FINANCIAL NEWS FAST

Cheers, Tears and Jeers for the U.K.’s Final Bow in Brussels

Cheers, Tears and Jeers for the U.K.’s Final Bow in Brussels(Bloomberg) — Squeezed between an argument over what to call its transport strategy and a debate on the coronavirus, the European Parliament voted overwhelmingly in favor of Britain’s orderly departure from the European Union.It was an anti-climactic way to issue the U.K.’s last rites. But Britain’s goodbye has been gradual since voters chose that path in June 2016, and inevitable since December’s general election returned Prime Minister Boris Johnson with a large majority. The parliament in Brussels always had a veto over the Brexit deal, but it was never seriously going to block it.Instead, a two-hour debate provided the stage for the last meaningful contribution for the British in Brussels since they joined the club in 1973. Some of the U.K.’s representatives, directly elected by voters who increasingly fell out of love with Europe, hailed their moment of freedom, waved the Union Flag and cheered “hip, hip, hooray.” For others it was a time of deep regret. Their voices cracked as they described Britain’s departure as betrayal and tragedy.“The British are too big to bully,” bellowed Nigel Farage, one of the most prominent Brexit campaigners and the EU parliament’s most unruly member since 1999. But his final flourish after more than 20 years was cut off for breaking the parliament’s rules on flag-waving.But this was about the EU, too. For decades it thought membership was irreversible. Now it’s losing one of its biggest countries. To jeers from Farage’s party, Germans, Poles, Spaniards and others decried the decision and said they still dreamed that one day the Brits would be back. Several called for the EU to learn lessons as well. “It’s also our failure — we have to recognize that,” said former Belgian Prime Minister Guy Verhoftstadt.As the parliament displayed the result of the vote, read out by interpreters in 24 languages, many politicians linked arms and broke into “Auld Lang Syne,” the traditional Scottish folk song.“Should old acquaintance be forgot, and never brought to mind?” they sang. And then, with, according to some, indecent haste, moved onto other matters.Did we really have to end “at 6 p.m. sharp?” asked Belgian politician Philippe Lamberts. “It’s not every day a country leaves the European Union.”To contact the reporter on this story: Ian Wishart in Brussels at iwishart@bloomberg.netTo contact the editors responsible for this story: Ben Sills at bsills@bloomberg.net, Richard Bravo, Robert JamesonFor more articles like this, please visit us at bloomberg.comSubscribe now to stay ahead with the most trusted business news source.©2020 Bloomberg L.P.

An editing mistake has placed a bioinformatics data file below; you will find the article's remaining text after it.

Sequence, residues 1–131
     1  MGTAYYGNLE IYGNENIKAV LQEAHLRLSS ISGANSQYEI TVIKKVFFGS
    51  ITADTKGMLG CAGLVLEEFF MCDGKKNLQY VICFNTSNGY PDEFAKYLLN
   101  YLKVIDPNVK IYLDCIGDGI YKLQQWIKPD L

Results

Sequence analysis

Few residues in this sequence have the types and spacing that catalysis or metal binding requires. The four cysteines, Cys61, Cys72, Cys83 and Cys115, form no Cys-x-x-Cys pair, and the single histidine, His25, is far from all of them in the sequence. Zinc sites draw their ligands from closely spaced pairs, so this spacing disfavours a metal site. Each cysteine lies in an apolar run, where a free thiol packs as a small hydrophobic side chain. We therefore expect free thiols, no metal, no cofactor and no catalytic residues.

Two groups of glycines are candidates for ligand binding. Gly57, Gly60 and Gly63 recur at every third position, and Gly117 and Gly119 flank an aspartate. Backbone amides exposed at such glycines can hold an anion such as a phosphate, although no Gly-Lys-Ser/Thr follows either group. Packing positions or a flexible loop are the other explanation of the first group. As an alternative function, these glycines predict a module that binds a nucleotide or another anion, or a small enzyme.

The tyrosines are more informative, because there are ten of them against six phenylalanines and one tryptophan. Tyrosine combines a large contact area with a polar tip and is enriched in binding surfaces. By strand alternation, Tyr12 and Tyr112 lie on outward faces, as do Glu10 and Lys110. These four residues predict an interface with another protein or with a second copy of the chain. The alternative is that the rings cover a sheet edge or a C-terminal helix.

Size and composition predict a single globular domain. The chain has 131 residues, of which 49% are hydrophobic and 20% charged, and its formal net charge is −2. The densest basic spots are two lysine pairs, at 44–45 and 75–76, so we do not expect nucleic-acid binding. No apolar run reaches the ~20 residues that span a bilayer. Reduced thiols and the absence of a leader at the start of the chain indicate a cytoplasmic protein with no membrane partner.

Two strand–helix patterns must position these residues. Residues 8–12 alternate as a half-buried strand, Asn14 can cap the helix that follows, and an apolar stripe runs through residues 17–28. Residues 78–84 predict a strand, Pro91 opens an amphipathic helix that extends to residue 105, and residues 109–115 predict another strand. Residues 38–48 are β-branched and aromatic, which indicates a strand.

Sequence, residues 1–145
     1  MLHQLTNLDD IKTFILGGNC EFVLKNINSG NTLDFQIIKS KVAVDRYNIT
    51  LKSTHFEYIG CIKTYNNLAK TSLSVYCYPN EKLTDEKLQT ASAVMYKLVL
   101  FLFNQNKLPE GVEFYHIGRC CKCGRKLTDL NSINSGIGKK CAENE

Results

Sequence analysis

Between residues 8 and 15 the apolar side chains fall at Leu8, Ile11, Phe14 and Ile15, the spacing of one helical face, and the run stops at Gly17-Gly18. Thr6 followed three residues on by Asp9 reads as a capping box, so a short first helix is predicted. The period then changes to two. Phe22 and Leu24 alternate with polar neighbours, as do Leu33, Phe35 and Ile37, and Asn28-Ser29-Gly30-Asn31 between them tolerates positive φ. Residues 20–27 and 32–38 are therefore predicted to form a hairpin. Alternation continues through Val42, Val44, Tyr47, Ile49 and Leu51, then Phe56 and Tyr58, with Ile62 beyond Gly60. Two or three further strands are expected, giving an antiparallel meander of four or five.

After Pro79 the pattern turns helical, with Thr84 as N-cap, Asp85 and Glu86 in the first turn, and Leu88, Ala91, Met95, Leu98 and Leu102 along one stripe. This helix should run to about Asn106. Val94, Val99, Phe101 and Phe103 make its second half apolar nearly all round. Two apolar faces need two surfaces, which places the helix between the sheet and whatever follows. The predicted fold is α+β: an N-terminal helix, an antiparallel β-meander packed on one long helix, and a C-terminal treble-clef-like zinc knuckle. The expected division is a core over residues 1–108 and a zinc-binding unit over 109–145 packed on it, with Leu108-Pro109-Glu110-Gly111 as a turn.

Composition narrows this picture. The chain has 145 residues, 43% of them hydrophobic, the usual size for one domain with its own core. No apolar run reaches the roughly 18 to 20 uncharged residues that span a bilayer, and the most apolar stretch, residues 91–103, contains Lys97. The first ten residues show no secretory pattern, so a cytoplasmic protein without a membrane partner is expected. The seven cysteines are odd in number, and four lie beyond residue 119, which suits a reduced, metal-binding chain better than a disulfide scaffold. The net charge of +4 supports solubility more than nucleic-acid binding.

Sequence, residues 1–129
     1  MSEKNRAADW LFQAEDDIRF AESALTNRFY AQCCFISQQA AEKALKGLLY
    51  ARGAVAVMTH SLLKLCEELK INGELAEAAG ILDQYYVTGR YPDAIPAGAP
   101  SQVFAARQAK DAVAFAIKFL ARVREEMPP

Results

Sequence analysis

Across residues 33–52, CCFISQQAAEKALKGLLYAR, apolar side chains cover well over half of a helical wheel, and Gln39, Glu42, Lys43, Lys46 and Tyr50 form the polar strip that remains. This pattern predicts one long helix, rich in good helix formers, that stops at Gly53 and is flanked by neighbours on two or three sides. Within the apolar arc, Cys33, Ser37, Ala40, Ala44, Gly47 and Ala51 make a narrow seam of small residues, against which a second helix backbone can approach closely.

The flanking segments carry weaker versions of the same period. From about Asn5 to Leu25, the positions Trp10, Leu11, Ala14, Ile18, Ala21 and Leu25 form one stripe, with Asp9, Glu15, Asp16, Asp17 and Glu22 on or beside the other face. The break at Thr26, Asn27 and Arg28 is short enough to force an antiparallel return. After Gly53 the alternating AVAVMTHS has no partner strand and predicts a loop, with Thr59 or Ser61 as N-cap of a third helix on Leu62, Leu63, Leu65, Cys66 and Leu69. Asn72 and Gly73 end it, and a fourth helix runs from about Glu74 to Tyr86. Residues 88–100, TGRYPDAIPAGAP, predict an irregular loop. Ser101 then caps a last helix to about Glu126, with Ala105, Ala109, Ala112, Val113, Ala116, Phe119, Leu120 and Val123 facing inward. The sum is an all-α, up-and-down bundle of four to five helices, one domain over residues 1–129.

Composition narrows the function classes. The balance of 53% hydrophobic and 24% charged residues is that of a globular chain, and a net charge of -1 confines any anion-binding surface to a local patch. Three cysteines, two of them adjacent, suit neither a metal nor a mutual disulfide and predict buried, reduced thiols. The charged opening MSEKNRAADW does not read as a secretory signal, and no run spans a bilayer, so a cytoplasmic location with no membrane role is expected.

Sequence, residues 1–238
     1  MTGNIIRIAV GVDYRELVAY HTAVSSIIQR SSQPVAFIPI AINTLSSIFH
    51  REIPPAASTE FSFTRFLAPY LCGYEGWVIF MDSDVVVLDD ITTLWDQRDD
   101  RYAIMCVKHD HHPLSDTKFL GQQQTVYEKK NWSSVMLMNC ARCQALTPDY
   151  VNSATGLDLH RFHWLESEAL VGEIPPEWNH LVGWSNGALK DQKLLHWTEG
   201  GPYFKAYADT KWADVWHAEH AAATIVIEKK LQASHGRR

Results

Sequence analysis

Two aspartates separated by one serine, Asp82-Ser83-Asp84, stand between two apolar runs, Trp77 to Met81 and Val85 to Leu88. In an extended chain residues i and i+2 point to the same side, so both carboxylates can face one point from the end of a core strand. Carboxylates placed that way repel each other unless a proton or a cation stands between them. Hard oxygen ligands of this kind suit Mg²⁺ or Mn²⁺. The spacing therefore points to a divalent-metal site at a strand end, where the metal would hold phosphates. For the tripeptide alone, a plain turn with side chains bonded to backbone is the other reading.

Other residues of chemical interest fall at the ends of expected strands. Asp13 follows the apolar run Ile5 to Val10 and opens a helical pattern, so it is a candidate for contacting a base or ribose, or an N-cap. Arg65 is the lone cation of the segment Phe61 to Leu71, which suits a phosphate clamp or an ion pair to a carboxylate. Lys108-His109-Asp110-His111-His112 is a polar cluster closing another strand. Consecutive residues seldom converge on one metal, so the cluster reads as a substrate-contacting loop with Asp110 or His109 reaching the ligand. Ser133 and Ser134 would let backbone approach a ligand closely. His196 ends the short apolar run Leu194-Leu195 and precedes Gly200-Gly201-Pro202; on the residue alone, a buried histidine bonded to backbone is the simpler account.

(Bloomberg) — Squeezed between an argument over what to call its transport strategy and a debate on the coronavirus, the European Parliament voted overwhelmingly in favor of Britain’s orderly departure from the European Union.It was an anti-climactic way to issue the U.K.’s last rites. But Britain’s goodbye has been gradual since voters chose that path in June 2016, and inevitable since December’s general election returned Prime Minister Boris Johnson with a large majority. The parliament in Brussels always had a veto over the Brexit deal, but it was never seriously going to block it.Instead, a two-hour debate provided the stage for the last meaningful contribution for the British in Brussels since they joined the club in 1973. Some of the U.K.’s representatives, directly elected by voters who increasingly fell out of love with Europe, hailed their moment of freedom, waved the Union Flag and cheered “hip, hip, hooray.” For others it was a time of deep regret. Their voices cracked as they described Britain’s departure as betrayal and tragedy.“The British are too big to bully,” bellowed Nigel Farage, one of the most prominent Brexit campaigners and the EU parliament’s most unruly member since 1999. But his final flourish after more than 20 years was cut off for breaking the parliament’s rules on flag-waving.But this was about the EU, too. For decades it thought membership was irreversible. Now it’s losing one of its biggest countries. To jeers from Farage’s party, Germans, Poles, Spaniards and others decried the decision and said they still dreamed that one day the Brits would be back. Several called for the EU to learn lessons as well. “It’s also our failure — we have to recognize that,” said former Belgian Prime Minister Guy Verhoftstadt.As the parliament displayed the result of the vote, read out by interpreters in 24 languages, many politicians linked arms and broke into “Auld Lang Syne,” the traditional Scottish folk song.“Should old acquaintance be forgot, and never brought to mind?” they sang. And then, with, according to some, indecent haste, moved onto other matters.Did we really have to end “at 6 p.m. sharp?” asked Belgian politician Philippe Lamberts. “It’s not every day a country leaves the European Union.”To contact the reporter on this story: Ian Wishart in Brussels at iwishart@bloomberg.netTo contact the editors responsible for this story: Ben Sills at bsills@bloomberg.net, Richard Bravo, Robert JamesonFor more articles like this, please visit us at bloomberg.comSubscribe now to stay ahead with the most trusted business news source.©2020 Bloomberg L.P.

Share:

Share on facebook
Facebook
Share on twitter
Twitter
Share on pinterest
Pinterest
Share on linkedin
LinkedIn
On Key

Related Posts

Fortune Org is an international news provider focusing on trusted financial, political, and world news for professionals and organizations. Our editor in chief Brian Edwards runs our tight-knit team of investigative journalists and finance researchers from the UK and Australia that contribute to curated news content, op-eds, and investigative pieces.

Financial News Fast

Copyright © 2020 Fortune Org.